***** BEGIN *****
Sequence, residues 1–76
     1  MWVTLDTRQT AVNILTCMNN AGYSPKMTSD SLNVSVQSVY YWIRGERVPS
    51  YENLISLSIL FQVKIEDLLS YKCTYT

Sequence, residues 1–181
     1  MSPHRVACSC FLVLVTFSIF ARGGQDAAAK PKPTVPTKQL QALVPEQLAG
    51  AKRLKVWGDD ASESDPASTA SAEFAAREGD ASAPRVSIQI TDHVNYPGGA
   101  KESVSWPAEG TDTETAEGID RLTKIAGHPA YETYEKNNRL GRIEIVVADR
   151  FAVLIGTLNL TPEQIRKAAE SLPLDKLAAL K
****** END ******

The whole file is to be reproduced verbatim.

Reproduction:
Sequence, residues 1–76
     1  MWVTLDTRQT AVNILTCMNN AGYSPKMTSD SLNVSVQSVY YWIRGERVPS
    51  YENLISLSIL FQVKIEDLLS YKCTYT

Sequence, residues 1–181
     1  MSPHRVACSC FLVLVTFSIF ARGGQDAAAK PKPTVPTKQL QALVPEQLAG
    51  AKRLKVWGDD ASESDPASTA SAEFAAREGD ASAPRVSIQI TDHVNYPGGA
   101  KESVSWPAEG TDTETAEGID RLTKIAGHPA YETYEKNNRL GRIEIVVADR
   151  FAVLIGTLNL TPEQIRKAAE SLPLDKLAAL K